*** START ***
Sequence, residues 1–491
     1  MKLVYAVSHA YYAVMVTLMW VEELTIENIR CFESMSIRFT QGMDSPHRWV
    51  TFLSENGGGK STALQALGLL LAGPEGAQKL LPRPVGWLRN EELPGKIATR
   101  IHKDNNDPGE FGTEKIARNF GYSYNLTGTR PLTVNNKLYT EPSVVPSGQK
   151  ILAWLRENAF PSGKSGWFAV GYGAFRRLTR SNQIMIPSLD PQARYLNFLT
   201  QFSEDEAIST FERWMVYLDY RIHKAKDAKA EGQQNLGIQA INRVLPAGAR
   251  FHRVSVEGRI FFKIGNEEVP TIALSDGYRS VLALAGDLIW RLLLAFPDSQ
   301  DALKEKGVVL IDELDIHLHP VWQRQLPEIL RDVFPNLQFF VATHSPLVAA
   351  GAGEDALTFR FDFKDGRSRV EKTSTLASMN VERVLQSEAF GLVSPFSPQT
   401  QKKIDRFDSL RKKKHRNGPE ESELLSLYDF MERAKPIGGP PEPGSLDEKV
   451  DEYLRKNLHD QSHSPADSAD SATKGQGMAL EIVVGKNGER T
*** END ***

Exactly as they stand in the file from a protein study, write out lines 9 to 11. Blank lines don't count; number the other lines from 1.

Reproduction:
   351  GAGEDALTFR FDFKDGRSRV EKTSTLASMN VERVLQSEAF GLVSPFSPQT
   401  QKKIDRFDSL RKKKHRNGPE ESELLSLYDF MERAKPIGGP PEPGSLDEKV
   451  DEYLRKNLHD QSHSPADSAD SATKGQGMAL EIVVGKNGER T